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Roger Carl Algase

  • Immigration Law
  • New York
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Claimed Lawyer ProfileQ&A

I am a Harvard Law School graduate and New York immigration lawyer with more than 30 years experience in business, professional and family immigration. I have helped many people with H-1B, and O-1 work visas, labor certification green cards and marriage green cards, among other immigration and citizenship cases. I care about my clients, handle all cases personally and am easy to reach by phone or email. I am also a regular writer about immigration law for the well known publication Immigration Daily. I well understand the anxieties and frustrations of people who are dealing with the immigration bureaucracy and I am committed to doing everything I can to make each client's immigration experience as smooth as possible and to bring about a successful result, as I have done for so many people. My Japanese-speaking paralegal has been working with me for the past 20 years, and I owe her more than I can possibly describe for her expertise and dedicated helping our clients.

Practice Area
    Immigration Law
    Asylum, Citizenship, Deportation Defense, Family Visas, Green Cards, Immigration Appeals, Investment Visas, Marriage & Fiancé(e) Visas, Student Visas, Visitor Visas, Work Visas
Jurisdictions Admitted to Practice
New York
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  • French: Written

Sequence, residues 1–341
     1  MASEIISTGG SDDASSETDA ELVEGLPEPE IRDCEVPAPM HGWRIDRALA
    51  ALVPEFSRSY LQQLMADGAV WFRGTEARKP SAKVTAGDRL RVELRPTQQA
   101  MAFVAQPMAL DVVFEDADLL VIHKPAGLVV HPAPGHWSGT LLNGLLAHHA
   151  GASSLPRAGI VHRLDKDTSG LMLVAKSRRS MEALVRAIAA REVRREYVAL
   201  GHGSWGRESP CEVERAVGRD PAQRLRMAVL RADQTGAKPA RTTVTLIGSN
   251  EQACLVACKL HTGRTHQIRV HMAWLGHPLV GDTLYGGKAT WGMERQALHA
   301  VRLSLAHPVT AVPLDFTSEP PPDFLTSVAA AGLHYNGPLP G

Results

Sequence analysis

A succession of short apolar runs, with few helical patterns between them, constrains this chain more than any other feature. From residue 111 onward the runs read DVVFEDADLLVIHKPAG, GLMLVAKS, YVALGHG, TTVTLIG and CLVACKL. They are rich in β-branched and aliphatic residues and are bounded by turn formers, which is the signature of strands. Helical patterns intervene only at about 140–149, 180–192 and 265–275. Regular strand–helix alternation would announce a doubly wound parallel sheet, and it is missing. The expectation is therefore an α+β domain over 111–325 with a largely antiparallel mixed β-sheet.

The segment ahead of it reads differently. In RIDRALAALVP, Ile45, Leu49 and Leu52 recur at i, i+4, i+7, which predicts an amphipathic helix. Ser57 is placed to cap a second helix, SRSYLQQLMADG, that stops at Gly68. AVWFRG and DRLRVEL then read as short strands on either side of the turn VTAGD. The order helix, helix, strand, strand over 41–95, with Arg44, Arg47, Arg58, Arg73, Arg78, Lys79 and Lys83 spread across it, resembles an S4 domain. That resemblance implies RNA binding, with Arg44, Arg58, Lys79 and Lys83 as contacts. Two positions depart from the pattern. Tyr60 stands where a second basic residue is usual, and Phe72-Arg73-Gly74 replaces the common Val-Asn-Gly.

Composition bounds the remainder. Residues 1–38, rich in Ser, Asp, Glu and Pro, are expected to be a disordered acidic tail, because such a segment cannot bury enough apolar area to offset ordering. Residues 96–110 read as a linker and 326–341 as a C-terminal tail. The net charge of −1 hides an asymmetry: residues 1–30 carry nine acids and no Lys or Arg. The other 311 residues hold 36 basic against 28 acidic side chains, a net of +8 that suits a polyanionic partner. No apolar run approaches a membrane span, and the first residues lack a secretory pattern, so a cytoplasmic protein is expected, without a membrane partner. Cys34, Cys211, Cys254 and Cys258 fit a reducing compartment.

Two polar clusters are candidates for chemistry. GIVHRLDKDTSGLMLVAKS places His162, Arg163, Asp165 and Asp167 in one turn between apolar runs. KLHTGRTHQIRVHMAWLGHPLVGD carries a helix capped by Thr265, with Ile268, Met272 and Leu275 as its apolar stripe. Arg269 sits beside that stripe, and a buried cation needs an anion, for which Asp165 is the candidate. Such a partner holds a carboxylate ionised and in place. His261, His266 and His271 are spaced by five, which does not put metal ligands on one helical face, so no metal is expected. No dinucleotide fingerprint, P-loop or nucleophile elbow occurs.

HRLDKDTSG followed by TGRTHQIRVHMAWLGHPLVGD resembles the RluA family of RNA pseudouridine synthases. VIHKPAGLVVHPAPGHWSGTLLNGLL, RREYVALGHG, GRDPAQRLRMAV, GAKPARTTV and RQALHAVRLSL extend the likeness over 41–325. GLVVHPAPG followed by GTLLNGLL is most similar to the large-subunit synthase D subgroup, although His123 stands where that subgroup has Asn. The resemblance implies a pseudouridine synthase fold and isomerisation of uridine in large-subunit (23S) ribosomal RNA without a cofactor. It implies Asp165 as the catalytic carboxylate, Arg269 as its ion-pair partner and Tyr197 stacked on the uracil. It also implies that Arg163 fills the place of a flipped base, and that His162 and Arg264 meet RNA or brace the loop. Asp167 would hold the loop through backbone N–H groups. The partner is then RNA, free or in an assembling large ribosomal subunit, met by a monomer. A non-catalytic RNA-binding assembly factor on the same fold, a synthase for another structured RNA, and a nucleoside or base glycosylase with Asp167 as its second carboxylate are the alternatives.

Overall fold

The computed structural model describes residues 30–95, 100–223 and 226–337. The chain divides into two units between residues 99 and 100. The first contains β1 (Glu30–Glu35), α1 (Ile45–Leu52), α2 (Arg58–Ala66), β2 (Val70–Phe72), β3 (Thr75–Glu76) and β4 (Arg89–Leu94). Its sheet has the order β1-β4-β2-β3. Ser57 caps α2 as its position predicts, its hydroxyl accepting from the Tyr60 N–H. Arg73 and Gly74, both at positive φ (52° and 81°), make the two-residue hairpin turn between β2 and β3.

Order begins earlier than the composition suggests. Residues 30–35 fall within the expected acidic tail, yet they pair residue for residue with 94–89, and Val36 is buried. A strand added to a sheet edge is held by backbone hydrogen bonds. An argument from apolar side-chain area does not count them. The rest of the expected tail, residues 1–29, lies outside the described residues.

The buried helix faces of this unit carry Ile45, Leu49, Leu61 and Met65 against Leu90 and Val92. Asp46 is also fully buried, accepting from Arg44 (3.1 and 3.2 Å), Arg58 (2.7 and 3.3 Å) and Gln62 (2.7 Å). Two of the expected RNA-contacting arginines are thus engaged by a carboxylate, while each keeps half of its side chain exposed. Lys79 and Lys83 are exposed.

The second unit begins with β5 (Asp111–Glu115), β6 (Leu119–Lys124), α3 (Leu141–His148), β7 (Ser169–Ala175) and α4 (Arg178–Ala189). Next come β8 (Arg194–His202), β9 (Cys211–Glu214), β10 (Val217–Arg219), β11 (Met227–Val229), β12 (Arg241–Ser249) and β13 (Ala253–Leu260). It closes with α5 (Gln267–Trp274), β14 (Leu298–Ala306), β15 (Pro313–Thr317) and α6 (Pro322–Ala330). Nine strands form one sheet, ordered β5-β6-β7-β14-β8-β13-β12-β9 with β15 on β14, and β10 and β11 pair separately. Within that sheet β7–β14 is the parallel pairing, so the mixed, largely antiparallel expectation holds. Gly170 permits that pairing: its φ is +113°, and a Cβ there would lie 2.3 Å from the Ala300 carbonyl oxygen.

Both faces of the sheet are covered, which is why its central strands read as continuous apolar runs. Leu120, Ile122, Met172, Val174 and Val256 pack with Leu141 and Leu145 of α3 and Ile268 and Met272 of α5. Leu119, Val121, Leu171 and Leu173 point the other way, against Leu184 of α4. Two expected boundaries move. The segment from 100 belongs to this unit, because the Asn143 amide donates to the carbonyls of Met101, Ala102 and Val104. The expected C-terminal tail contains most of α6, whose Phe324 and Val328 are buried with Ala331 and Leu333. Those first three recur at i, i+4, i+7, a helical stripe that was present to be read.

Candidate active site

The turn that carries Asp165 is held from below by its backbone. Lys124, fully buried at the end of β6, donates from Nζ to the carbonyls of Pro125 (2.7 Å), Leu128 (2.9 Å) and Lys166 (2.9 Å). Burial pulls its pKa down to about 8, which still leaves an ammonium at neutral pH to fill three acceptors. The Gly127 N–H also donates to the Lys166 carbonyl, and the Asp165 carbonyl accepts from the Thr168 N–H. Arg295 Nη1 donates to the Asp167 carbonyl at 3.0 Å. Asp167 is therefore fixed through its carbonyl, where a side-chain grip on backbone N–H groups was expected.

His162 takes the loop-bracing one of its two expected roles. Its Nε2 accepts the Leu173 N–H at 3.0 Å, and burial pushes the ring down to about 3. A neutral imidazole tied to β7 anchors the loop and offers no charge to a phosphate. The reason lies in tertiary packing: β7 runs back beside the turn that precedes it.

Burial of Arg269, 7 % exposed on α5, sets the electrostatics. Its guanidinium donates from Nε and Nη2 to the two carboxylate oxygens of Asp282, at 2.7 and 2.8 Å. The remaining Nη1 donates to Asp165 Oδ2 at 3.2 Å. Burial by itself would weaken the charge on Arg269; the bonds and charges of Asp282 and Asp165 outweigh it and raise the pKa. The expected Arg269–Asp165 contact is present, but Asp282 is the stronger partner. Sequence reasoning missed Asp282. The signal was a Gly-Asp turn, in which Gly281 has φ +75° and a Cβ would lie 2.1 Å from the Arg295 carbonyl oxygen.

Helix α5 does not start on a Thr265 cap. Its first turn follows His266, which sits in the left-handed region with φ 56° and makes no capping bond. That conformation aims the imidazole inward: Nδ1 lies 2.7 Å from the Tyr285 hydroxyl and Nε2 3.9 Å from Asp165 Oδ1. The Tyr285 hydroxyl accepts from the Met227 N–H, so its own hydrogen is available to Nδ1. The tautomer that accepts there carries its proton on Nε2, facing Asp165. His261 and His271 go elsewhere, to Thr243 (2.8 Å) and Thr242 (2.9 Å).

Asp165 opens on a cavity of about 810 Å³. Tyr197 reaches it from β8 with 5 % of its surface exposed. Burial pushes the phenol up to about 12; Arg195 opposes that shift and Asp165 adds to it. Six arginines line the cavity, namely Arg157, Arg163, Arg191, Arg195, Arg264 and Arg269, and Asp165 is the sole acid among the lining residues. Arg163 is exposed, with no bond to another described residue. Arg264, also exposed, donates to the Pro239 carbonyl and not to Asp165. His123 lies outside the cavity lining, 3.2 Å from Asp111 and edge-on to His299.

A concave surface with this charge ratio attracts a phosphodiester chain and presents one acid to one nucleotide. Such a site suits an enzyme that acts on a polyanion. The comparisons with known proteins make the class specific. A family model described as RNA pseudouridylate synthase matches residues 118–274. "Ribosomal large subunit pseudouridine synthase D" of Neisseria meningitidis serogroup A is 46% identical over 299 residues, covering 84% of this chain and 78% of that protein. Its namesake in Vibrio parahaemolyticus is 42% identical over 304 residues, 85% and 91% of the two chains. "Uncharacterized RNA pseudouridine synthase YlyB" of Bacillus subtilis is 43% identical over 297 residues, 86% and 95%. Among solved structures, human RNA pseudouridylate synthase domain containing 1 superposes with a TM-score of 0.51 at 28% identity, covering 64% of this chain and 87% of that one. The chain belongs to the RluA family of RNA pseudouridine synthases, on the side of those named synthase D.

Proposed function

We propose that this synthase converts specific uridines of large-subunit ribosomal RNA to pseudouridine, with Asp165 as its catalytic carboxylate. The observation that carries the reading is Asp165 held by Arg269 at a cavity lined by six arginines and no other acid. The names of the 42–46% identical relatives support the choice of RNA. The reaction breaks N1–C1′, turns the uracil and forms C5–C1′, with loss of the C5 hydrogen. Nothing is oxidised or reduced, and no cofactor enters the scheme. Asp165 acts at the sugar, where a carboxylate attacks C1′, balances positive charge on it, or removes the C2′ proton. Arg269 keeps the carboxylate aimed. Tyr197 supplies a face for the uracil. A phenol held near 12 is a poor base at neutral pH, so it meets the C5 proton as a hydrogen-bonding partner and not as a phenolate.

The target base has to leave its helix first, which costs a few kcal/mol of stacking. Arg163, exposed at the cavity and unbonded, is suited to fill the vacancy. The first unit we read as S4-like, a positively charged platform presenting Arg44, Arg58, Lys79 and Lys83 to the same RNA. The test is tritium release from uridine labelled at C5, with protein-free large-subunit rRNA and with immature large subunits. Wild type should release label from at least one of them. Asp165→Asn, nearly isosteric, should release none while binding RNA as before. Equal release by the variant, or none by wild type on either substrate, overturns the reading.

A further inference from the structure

• Spanish: Written
Professional Experience
Roger Algase, Attorney at Law
- Current
Harvard Law School
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Professional Associations
New York State Bar  # 1591411
- Current
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Legal Answers
154 Questions Answered
Q. I am 22 and an American citizen I moved to Canada with my parents becuase they were seeking refugee status here in 2009.
A: Both Canada and the US recognize dual citizenship, so moving to Canada and becoming a Canadian citizen should not, in and of themselves, result in loss of US citizenship.
Q. I recently received my green card.
A: The public charge bar to admissibility does not apply to someone who already has a permanent green card. Nor is it grounds for revoking a green card.
Q. I had my Green Card interview on 2/8, the officer did not ask for my Form I-693
A: In this kind of situation, the best course of action would most likely be to make an Infopass appointment at the office where you were interviewed, and on the appointment day go there with your sealed I-693 envelope from the doctor and ask to see a supervisor. You should not be afraid to let the supervisor know that the interviewing officer forgot to ask for the sealed envelope, and about any other unprofessional behavior by that officer. Best of all would be to consult with an experienced marriage case immigration lawyer and ask him or her to assist you with this. I have been representing applicants in green card marriage cases for 40 years, beginning in 1978, and I have had to deal with a number of difficult interviewing officers myself. If an officer does not handle the interview courteously and professionally, that might not be a good sign for further developments in the case either. ... Read More
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Contact & Map
276 Fifth Avenue
Suite 704
New York, NY 10001
Telephone: (212) 724-5643
Cell: (917) 587-5141
241 Central Park West
New York, NY 10024
Telephone: (212) 724-5643
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